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29 March 1999

The Howler review (part II): Even worse Standard practice

Synopsis: We looked up the Standard’s “New Yorker” cite. It turned that out the Standard was fibbing.

Internet Al, Down on the Farm
Scrapbook, The Weekly Standard, 3/29/99

Gore’s Dilemma
Peter J. Boyer, The New Yorker, 11/28/94

Gore: A Political Life
Bob Zelnick, Regnery Publishing, Inc., 1999


Maybe now you’ll believe what we’ve tried to tell you about the habits of this sorry press corps. And maybe now you’ll begin to see why we always look up those old cites. As you’ll recall, them Scrapbook fellers at The Weekly Standard were all in a snit over Gore last week. They couldn’t believe what the VP had said about his past life down on the farm (see THE DAILY HOWLER, 3/25/99).

Here was Scrapbook’s opening paragraph, in which they explained Gore’s past:

SCRAPBOOK: You probably thought you knew Al Gore’s life story by now. As told in the New Yorker a few years back, the outlines are these: “Gore was a son of politics, a child of Washington, where his father served for thirty-two years as a congressman and a senator. The family residence was an apartment in the elegant Fairfax Hotel, which was owned by a Gore cousin...”

And the New Yorker excerpt went on a bit more, about the life of privilege that “young Al” had had.

Well, it was precisely because of that New Yorker piece that Scrapbook wasn’t buying Gore’s tale, the recent one about how his pappy had taught him to do chores on the farm. We discussed this on 3/25 (linked above); here’s how Scrapbook put it:

SCRAPBOOK: “I’ll tell you something else [my father] taught me,” said Gore. “He taught me how to clean out hog waste with a shovel and a hose. He taught me how to clear land with a double-bladed ax. He taught me how to plow a steep hillside with a team of mules. He taught me how to take up hay all day long in the hot sun.” How preposterous. Even when he tries to slum, Gore betrays his blue-blood upbringing...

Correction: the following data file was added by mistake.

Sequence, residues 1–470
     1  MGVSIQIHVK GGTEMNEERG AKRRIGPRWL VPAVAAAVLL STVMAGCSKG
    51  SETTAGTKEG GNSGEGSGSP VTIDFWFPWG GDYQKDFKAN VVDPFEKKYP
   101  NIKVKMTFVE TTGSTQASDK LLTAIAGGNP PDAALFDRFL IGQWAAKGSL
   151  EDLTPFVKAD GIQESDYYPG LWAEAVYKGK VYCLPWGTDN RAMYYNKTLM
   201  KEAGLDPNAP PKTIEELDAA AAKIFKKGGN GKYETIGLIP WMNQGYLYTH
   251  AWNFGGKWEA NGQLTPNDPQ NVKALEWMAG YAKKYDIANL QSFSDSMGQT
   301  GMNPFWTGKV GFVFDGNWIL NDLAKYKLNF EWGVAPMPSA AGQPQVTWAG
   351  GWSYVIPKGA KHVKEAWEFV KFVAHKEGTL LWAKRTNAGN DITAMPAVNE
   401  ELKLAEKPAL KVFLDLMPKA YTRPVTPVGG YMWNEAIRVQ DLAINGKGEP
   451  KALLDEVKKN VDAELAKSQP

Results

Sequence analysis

Scrapbook said it’s crazy to think that anyone ever plowed a steep hillside. It just isn’t done, the Standard sniffed, and then it went on to say this:

SCRAPBOOK: As for the mules, it occurs to The Scrapbook that maybe one of them kicked young Al in the head.

And how we roared, when Scrapbook said that! It really made for a comical image!

But we showed you, back on 3/25, how Bob Zelnick, in his new Regnery book, describes this very same incident. According to Zelnick, Gore’s father routinely gave Gore taxing chores, to teach him the value of work. In fact, we even got to funnin’ a little, as you may recall from reading the piece. We said that maybe if Scrapbook had home training like Gore’s, it would do some research before it called people liars.

But as it turns out, the Scrapbook folk knew just what they were talking about. The New Yorker piece to which Scrapbook refers is a 1994 Peter Boyer profile, and on Saturday we visited our world-famous archives to reread Boyer’s work. We hungrily fell on Boyer’s piece, and we found the passage the Standard cited. And the preceding paragraph--right before Scrapbook’s cite? It claimed that Gore’s political prospects, since his birth, have been seen as a matter of fate:

BOYER: That sense is embedded in the family lore, such as the story about the time when Al’s father, believing that a boy needed to know the rigors of hard work, asked his son, then a teen-ager, to plow a field with a particularly treacherous slope. Pauline Gore worried that the task, requiring the use of an unwieldy hillside plow, was too much to ask of the boy, and she and her husband argued about it. Finally, she yielded, with the sarcastic note, “Yes, a boy could never be President if he couldn’t plow with that damned hillside plow.”

The paragraph describes and explains the very incident which Scrapbook said couldn’t have happened.

“Preposterous”--that’s a big word on the farm. So we looked it up, just to know what it means. It means that the Standard said the VP was lying. Sounds to us like they might mean themselves.


Standard maneuvers: Them Standard boys are city slickers, so they’ll try to wriggle out of this thing. But Boyer describes the incident in his own voice, as, of course, does Zelnick. In fact, Zelnick found, in the plowing incident, the central metaphor of Gore’s entire life! Here’s how Zelnick’s bio ends; this is his closing paragraph:

ZELNICK: And [Gore] knows where he must do that work to meet the expectations set for him, just as he had to fulfill the educational aspirations of his father, or plow the dangerous hillside on the Carthage farm.

Zelnick describes, in great detail, the incidents Scrapbook dismisses as “preposterous.” Now we see that the Standard was well aware of at least one of the incidents. They dismissed what Gore said as being preposterous, because no one ever farms that way. But Boyer made clear that this wasn’t normal farming--this was a dad teaching his son about work.

We think the Standard’s engaged in serious business, calling Gore names on a basis like this. Our question: Will the press corps make the Weekly Standard explain such remarkable conduct?